- Land Soft and Control their Eccentric Movement
- Land with Knees Straight Ahead, Bent, Not in a Straight Legged Position
- Control Upper Body Posture
We do this by practicing the following types of jumping and landing
- Jumping (2 leg takeoff – 2 Leg Land)
- Hopping (1 Leg Takeoff- Same Leg Land)
- Bounding (1 Leg Takeoff- Opposite Leg Land)
Learning how to land is essential. Having an athlete develop the ability to gain the strength and ability to control themselves is essential to reducing injury risks long term.
Getting stronger is crucial for preventing ACL injuries. Increasing glue and hip strength has been shown to decrease values knee issues, leading to a reduction in ACL tears. Strength is essential for improving sport performance as well. Building stronger athletes will help to increase speed, vertical and broad jumping and handle the rigors of their sport. Athletes should continually work to improve their strength in a progressive fashion.
- Control their own bodyweight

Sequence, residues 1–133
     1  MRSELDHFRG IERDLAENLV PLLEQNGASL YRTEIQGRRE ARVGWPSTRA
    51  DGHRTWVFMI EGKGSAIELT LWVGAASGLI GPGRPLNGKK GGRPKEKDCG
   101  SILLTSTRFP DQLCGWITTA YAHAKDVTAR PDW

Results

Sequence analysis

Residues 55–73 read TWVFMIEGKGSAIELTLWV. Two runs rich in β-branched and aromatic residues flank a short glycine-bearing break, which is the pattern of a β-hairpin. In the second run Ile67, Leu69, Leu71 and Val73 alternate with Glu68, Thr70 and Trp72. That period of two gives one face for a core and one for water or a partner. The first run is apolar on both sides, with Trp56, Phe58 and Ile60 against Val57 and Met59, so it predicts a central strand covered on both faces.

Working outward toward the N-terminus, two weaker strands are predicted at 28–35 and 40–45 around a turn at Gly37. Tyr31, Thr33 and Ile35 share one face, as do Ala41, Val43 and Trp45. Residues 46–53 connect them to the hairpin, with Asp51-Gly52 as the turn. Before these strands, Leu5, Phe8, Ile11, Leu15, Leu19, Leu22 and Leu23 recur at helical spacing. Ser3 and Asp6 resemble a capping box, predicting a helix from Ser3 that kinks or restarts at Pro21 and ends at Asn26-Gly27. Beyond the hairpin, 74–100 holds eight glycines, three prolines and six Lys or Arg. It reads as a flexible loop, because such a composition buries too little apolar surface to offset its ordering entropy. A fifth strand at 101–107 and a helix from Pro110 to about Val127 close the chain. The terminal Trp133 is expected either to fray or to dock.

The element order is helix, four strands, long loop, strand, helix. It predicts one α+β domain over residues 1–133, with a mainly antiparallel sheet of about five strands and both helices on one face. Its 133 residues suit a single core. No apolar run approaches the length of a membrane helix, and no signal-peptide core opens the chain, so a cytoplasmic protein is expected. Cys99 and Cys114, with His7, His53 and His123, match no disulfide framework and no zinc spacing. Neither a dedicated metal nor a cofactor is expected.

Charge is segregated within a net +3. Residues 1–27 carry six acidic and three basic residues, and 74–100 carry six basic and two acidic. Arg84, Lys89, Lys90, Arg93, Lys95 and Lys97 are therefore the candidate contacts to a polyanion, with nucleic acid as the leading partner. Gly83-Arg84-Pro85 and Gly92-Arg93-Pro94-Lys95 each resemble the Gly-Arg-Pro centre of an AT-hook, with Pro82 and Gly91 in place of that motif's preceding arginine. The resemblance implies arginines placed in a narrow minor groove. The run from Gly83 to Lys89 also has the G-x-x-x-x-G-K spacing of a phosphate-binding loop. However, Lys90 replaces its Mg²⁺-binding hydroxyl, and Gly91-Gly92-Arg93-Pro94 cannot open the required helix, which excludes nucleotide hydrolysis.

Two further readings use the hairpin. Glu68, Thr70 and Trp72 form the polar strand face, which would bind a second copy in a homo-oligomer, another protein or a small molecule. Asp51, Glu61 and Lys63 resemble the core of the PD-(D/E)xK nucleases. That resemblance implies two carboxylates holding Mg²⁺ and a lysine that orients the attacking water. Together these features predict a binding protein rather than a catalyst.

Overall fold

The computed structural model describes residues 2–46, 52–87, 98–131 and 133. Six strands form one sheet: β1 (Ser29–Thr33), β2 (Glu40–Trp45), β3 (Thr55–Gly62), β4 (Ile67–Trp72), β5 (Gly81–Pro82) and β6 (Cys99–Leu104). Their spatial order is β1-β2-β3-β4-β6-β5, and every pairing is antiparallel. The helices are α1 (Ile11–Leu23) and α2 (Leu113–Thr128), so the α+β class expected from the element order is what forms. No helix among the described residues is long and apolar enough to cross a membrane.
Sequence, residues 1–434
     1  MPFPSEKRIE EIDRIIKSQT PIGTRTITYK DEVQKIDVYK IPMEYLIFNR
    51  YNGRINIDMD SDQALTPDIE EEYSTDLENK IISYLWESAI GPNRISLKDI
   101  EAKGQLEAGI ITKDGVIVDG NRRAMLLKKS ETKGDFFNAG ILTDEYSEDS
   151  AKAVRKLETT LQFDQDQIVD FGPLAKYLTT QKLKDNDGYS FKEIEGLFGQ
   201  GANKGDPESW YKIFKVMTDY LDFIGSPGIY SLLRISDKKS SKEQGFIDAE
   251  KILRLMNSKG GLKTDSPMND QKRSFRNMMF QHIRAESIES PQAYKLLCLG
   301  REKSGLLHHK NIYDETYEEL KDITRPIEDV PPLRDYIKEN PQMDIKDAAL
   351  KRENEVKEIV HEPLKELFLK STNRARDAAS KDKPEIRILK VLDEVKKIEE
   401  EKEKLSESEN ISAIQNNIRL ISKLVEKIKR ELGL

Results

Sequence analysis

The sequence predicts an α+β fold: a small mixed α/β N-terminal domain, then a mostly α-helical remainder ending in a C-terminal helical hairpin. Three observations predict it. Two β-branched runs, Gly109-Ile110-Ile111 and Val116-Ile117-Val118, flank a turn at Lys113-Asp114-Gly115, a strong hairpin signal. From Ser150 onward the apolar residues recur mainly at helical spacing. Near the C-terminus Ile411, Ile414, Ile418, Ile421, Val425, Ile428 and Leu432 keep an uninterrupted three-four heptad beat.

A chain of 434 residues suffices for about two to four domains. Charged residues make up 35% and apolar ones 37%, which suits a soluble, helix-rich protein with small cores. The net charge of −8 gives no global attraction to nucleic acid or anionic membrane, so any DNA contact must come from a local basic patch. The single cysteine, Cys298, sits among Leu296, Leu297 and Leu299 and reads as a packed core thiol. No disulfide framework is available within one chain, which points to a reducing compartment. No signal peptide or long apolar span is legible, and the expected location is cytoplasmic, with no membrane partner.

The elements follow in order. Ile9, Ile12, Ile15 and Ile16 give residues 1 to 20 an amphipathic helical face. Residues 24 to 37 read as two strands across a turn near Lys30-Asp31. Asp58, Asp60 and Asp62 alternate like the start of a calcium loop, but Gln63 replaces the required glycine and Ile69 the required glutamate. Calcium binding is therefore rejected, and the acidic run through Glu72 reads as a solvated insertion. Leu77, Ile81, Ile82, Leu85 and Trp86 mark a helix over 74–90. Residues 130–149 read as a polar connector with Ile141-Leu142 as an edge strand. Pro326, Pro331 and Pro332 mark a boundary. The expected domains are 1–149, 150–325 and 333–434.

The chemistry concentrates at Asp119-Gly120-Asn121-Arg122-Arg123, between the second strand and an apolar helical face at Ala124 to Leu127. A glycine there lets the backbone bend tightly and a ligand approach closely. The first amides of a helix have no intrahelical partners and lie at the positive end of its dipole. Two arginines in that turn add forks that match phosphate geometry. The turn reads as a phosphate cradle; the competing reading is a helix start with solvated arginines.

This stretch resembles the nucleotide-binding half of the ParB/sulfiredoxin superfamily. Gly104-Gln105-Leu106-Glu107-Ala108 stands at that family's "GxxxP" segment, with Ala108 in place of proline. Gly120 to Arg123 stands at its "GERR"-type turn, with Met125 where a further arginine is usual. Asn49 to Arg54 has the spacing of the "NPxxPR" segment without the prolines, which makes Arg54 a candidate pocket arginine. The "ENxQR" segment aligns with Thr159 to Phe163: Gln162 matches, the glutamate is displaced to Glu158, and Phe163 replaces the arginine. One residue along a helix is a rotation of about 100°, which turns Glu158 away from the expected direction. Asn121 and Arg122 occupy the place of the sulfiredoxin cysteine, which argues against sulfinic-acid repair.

- Increase Functional Strength
- Improve Single Leg Strength and Stability
1. Athletes should be able to control their own bodyweight first without additional load in exercises such as:
- Leg Raise
- Row/ Chinup
2. Next, Athletes should begin building functional strength with external loads in exercises such as:
- Goblet Squat (Quad)
- Deadlift (Hip)
- Carries (Carry)
- Pushup/ DB Bench
- Row/ Chinup
3. Following that, Single Leg Exercises should be included into athletic performance training. Sport movements require athletes to be on one leg a significant amount of time. The ability to display the strength necessary to get in and out of those positions explosively starts with strength. Athletes should be able to maintain their bodyweight and then handle external loads in exercises such as:
- Single Leg Deadlift
- RFESS/ Split Squat
Change of Direction Conditioning
It is imperative that athletes are forced to train in changing direction when they are tired. We need to focus on making directional changes when tired, so that pattern is programmed into the brain when they are in a game. For this, we utilize drills such as:
- Line Drills
These 5 things are the principles of ACL Prevention, but also the principles of good athletic performance training. It is important to train these patterns and drills appropriately, because what is done, is learned and retained in the brain. We can make a significant reduction in the risk of ACL injuries, but also help our athletes achieve their goals by following these guidelines.